But instead, once up in the tree, Ware notices that the church next door to the Rec Center has been demolished. In his new rebellious state, he gets down on the church side of the fence to look more closely.

But in the lot with the demolished church, there’s a girl named Jolene. She says the wrecked parking area is now her garden. She’s planting things in cans full of dirt. Ware says the lot can be her garden if the church can be his castle.

And that’s how Ware’s summer gets off to a much more interesting start than what his parents planned for him.

But how long can Ware and Jolene stay on the lot with the ruined church, planting things and turning the ruins into a castle? What will happen when Ware’s parents find out he’s not going to the Rec Center? Surely they’ll find out? And can Ware change himself into a Normal Kid – the kind of kid his parents want?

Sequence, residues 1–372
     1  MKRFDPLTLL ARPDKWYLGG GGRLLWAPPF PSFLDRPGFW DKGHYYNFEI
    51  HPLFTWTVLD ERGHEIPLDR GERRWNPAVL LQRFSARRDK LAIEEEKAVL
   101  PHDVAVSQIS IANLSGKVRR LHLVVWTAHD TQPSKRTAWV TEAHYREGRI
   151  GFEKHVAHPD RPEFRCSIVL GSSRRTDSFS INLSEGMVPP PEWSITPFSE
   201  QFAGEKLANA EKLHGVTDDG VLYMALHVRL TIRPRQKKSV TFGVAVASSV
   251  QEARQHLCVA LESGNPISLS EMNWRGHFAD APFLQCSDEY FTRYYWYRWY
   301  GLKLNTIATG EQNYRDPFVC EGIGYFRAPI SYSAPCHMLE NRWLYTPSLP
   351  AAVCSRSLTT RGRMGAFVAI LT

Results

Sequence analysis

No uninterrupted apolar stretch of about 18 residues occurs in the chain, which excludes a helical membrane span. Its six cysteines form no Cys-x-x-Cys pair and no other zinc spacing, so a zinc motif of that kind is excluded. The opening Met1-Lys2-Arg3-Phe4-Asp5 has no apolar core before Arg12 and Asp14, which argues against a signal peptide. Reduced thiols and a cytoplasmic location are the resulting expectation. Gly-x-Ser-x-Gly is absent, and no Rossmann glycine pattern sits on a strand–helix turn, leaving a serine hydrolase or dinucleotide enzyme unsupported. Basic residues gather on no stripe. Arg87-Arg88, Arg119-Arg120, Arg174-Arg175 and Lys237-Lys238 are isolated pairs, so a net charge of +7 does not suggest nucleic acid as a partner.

The title comes because when Ware says something isn’t fair, Jolene accuses him of living in Magic Fairness Land. But “here in the real world,” bad things happen. Can Ware, perhaps, even in the real world, find ways to fight injustice and unfairness?

sarapennypacker.com
harpercollinschildrens.com

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Review of Parachutes, by Kelly Yang

Parachutes

by Kelly Yang

Katherine Tegen Books (HarperCollins), 2020. 476 pages.
Review written November 23, 2020, from a library book

Parachutes is a story about a Chinese teen who’s been dropped by her wealthy parents into America to get an American education. Parachutes is the term used to describe these kids, many of whom end up on their own without any supervision, which comes with its own problems.